Meet the landlord with an unquenchable thirst for single-family rental homes

Amherst Residential has spent $404M on home buys since October, and plans to buy 10,000 more homes this year

TRD NATIONAL /
Mar.March 07, 2019 09:00 AM

Amherst Residential president Drew Flahive (Credit: Twitter, Pixabay, and PxHere)

One of the nation’s largest homeowners is planning to add an additional 10,000 single-family rental properties to its collection this year.

Austin, Texas-based Amherst Residential will buy both individual properties as well as groups of houses from large landlords who want to shrink their portfolios, Amherst president Drew Flahive told Bloomberg. The company will run most of the acquisitions as rentals through its property management subsidiary Main Street Renewal, which already manages some 20,000 rental homes across the U.S. It will also renovate some to sell.

The move comes as shifts in demographics and a tighter market for home sales are leading more investors to rental homes. Pretium Partners closed a $1 billion fund last year, and Tricon Capital Group launched a $750 million joint venture with two institutional partners. Cerberus Capital Management also launched its own fundraising.

The main challenge is finding the homes, the report said. After the financial crisis, the single-family rental industry grew with companies like Blackstone Group snagging thousands of distressed properties. But as the market has recovered, cheap homes are harder to come by.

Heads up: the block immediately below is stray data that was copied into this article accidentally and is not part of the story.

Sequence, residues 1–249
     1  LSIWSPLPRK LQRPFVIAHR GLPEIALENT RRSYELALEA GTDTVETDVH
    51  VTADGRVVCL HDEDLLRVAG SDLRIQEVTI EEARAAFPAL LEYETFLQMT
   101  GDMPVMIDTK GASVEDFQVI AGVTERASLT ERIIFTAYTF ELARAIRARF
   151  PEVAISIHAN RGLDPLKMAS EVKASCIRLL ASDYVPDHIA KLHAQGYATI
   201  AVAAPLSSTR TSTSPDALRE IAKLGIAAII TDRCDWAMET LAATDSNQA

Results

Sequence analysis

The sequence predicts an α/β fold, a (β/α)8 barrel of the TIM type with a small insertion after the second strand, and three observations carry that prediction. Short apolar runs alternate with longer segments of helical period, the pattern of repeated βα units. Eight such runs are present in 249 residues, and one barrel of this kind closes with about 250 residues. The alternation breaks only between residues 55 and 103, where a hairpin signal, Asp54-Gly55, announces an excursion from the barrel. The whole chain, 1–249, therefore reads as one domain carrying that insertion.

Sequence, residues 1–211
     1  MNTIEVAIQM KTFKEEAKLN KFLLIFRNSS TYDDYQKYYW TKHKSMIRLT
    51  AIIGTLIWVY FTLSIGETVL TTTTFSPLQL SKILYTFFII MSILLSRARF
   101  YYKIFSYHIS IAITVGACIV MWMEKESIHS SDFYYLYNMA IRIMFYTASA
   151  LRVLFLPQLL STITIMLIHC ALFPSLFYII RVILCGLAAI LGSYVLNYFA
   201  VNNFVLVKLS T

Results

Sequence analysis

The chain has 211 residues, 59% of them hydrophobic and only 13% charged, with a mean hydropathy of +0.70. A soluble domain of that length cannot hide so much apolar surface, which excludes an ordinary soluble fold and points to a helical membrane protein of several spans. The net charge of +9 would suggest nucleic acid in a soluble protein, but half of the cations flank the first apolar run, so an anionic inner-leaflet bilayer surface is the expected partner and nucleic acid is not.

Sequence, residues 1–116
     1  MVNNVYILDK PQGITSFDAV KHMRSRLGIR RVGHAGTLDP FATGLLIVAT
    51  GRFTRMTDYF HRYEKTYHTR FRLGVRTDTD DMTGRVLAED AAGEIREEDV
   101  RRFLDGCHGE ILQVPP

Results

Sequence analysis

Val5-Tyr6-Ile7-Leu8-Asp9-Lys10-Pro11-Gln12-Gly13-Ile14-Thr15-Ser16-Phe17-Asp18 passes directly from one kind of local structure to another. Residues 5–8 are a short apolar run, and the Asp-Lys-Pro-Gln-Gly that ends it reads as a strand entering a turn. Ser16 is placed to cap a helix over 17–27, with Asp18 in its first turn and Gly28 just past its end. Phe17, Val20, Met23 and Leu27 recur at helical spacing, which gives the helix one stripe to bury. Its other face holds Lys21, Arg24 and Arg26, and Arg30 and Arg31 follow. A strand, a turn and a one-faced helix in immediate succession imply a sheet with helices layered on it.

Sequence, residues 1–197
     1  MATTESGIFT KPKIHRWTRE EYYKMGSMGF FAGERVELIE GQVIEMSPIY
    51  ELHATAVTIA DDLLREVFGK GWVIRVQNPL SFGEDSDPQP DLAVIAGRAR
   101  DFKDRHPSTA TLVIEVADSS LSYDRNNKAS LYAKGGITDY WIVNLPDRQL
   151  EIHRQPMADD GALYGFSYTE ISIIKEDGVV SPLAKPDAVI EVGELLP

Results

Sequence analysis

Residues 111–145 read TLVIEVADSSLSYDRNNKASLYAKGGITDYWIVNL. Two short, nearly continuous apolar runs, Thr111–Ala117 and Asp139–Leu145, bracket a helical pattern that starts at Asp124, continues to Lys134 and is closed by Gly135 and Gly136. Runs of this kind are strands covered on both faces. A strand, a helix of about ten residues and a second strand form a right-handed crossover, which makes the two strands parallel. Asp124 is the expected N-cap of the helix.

The key is having “a platform that’s broad enough to aggregate from smaller, midsized or institutional owner-operators,” Flahive said. “We want to buy and manage assets at a wide range of price points, so we need to have the ability to service those assets.”

Amherst has spent $404 million to purchase 2,400 houses since October — and is eyeing opportunities from other mergers and acquisitions. In February, Amherst bought about 450 properties from Front Yard Residential, a real estate investment trust that acquired most of those assets when it took over a larger portfolio. [Bloomberg] — Meenal Vamburkar


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